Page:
The free TweenMachine plugin, created by Justin Barrett, helps animators to create breakdown poses in Maya on stepped curves. It's a time saving tool that takes much of the labour out of breaking down your poses - once you are happy with the timing of the main blocking of your animation.
What is the tweenMachine?
The tweenMachine is a free Maya plugin designed to simplify the process of creating breakdown poses between your key poses.
How do you download the tweenMachine plugin?
You can find the free plugin here: http://justinsbarrett.com/tweenmachine/
Who created it?
The tweenMachine was created by Justin Barrett.
How do you install it?
The tweenMachin comes with a Read Me file, which you should definitely read.
To install the tweenMachine, first find these files:
Copy the files into your scripts folder in Maya. The path should look something like this: username/myDocuments/maya/2016/scripts
You can also copy the files into any other scripts folders you see - such as older versions of Maya - while you are there.
Once you have copied the files into your Maya scripts folder, open Maya.
Now open up the script editor (bottom right hand corner of yourr screen) and type this in the MEL (not Python) command line: tweenMachine. This should launch tween machine.
In the script editor, copy the command, and create a shelf tab so you can use the tweenMachine any time you like. Name it tween, or TM
Click on the shelf tab to activate the tweenMachine. A pop-up slider should appear:
Why won't it install?
If the tween Machine won't install, work through this checklist. Have you:
- copied the program files into your scripts folder? Remember that you must copy the individual program files into the scripts folder. If you just copy the folder which contains the files, the tweenMachine may not work.
- copied the program files into other scripts folder, such as Maya 2015 and Maya 2016 subfolders? Copy the files into any scripts folders you can see.
- saved your scene and re-opened Maya? Re-opening Maya forces the software to refresh itself.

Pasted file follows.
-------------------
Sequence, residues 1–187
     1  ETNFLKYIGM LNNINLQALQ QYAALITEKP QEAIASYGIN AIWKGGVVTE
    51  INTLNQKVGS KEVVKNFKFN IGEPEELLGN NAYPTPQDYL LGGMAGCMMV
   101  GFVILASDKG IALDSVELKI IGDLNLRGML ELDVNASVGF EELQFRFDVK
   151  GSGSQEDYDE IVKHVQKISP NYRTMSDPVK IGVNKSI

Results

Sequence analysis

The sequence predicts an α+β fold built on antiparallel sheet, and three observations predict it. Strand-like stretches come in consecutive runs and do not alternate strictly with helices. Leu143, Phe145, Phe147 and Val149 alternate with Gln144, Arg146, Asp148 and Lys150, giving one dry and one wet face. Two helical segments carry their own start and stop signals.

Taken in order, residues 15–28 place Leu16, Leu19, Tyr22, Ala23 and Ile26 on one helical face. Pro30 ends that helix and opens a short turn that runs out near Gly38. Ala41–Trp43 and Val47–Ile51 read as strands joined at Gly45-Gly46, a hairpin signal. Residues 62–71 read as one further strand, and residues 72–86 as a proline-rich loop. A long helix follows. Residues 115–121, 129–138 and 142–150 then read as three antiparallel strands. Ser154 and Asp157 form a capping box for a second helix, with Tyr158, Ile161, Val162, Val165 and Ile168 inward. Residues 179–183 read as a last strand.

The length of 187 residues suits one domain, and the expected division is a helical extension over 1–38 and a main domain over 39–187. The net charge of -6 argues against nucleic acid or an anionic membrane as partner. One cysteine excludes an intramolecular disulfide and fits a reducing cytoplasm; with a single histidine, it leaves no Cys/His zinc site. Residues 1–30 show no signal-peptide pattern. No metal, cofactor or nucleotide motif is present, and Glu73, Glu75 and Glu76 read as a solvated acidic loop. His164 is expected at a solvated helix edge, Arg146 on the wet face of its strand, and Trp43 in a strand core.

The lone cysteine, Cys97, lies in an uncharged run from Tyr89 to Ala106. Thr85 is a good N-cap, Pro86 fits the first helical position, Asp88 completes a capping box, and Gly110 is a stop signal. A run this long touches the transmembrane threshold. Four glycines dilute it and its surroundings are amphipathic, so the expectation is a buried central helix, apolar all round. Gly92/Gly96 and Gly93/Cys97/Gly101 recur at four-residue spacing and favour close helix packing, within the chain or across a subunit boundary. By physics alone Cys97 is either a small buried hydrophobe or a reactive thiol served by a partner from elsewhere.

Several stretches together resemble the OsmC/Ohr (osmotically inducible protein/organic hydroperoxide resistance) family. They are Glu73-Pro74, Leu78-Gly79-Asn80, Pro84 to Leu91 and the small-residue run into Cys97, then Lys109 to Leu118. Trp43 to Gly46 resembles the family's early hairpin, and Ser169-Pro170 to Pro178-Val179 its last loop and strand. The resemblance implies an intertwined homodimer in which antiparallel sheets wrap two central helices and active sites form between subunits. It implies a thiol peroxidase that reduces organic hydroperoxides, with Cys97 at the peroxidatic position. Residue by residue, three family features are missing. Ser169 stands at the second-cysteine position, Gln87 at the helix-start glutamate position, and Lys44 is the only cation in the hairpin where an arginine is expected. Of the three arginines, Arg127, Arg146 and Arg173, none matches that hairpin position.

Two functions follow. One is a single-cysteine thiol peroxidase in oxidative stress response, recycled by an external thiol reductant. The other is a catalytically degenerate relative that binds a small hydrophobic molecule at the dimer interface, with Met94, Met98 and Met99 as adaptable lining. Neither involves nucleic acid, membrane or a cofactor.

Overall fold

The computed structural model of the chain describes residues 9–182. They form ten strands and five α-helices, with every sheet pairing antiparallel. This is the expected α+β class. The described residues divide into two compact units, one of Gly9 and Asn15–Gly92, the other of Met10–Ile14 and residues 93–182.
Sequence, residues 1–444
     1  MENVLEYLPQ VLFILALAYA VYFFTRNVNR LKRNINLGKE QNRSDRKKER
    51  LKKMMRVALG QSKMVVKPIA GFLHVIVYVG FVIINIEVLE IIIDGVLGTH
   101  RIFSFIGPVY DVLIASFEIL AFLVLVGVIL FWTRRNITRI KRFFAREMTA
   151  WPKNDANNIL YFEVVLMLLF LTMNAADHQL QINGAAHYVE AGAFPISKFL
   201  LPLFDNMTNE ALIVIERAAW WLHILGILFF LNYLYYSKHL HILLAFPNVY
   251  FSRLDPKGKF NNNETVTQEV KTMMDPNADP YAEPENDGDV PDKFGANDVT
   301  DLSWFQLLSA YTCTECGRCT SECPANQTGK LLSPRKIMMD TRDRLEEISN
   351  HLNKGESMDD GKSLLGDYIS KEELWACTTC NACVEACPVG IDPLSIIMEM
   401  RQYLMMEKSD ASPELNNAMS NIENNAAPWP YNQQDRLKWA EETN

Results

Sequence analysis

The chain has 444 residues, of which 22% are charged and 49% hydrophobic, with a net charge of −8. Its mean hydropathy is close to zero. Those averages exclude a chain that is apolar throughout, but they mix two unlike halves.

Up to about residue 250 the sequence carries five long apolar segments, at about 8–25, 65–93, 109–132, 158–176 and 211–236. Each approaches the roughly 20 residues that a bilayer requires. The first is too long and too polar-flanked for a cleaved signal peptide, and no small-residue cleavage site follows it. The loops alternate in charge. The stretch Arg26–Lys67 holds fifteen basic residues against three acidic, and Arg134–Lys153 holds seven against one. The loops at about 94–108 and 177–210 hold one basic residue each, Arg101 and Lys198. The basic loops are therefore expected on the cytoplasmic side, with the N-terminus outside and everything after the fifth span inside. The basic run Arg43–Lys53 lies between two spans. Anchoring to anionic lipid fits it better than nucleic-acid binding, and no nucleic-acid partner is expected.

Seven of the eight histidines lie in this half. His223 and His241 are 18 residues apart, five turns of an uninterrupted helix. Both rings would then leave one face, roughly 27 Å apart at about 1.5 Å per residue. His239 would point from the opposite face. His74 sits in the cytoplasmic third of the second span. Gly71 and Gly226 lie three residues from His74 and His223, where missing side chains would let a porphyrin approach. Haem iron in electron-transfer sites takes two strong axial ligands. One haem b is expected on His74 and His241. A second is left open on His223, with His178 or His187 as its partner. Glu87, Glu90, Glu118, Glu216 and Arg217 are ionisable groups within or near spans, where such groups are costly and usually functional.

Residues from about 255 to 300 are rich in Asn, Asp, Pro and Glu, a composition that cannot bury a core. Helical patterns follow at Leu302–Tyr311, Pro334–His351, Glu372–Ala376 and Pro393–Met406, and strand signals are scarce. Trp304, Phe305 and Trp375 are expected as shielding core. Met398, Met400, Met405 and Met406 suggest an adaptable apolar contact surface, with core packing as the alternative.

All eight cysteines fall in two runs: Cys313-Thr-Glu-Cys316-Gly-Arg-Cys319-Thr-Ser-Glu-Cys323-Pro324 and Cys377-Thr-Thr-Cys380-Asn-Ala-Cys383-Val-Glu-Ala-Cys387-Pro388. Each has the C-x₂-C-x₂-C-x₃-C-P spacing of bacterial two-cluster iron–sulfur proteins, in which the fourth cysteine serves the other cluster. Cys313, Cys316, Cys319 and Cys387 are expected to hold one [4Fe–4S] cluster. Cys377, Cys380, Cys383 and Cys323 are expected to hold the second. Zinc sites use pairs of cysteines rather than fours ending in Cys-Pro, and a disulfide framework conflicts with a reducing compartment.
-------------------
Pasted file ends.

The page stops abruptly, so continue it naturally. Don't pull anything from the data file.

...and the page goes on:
- closed Maya and re-started it again?
- re-booted your computer?
Hopefully one of these methods will make the tween machine work.
How do you test it out?
To test the tweenMachine, first create some break down poses on a simple moving object, such as a sphere.
1. Create a sphere. Create/polygon primitives/sphere.
2. Move the sphere to one end of the grid, and set a keyframe on it
3. Click on the preferences tab in Maya, and set your animation curves to stepped curves, not spline.
4. Back in your timeline, go to frame 25. In the viewport, move the sphere to the other end of the grid, and set a key frame. Press play. You should now see the sphere move, but in a very staccato fashion.
5. Go to frame 13 in your time line. Set a keyframe on the sphere, and click on the tweenMachine button. Use the slider on the tweenMachine to adjust the position of the breakdown pose. The slider allows you to favour one key pose over another.
Ok, got it. Now, how do I use it for proper animation?
Now use the tweenMachine to create break down poses on a complex human biped.
1. Import a human biped, such as the Morpheus or Max rig.
2. Create two poses, one at frame 1, and a second at frame 25, following the thumbnails below.
4. Once you have done your pose at frame 13, go ahead and add breakdown poses at frame 5, 9, 17 and 21, using the tweenMachine.
What the tweenMachine does is allow you to set breakdown positions on all the control curves, without having to manipulate individual controls one by one. It saves a huge amount of time on production.
For more information on finding work in the animation and visual effects business, read our post on how to find a job in the animation industry, and check out our post about what not to do at a job interview. Also see our post on starting your own small animation business, learn how to create an invoice, and see how we are helping our students find work through our film co-operative Nano Films. Download the free Escape Studios Careers in VFX Handbook. Take a look at how awn.com can help you find a job, and read our piece about how to survive as a freelance animator. Also, find out what Cinesite look for in a student's demo reel, and read our post on setting up your own animation business.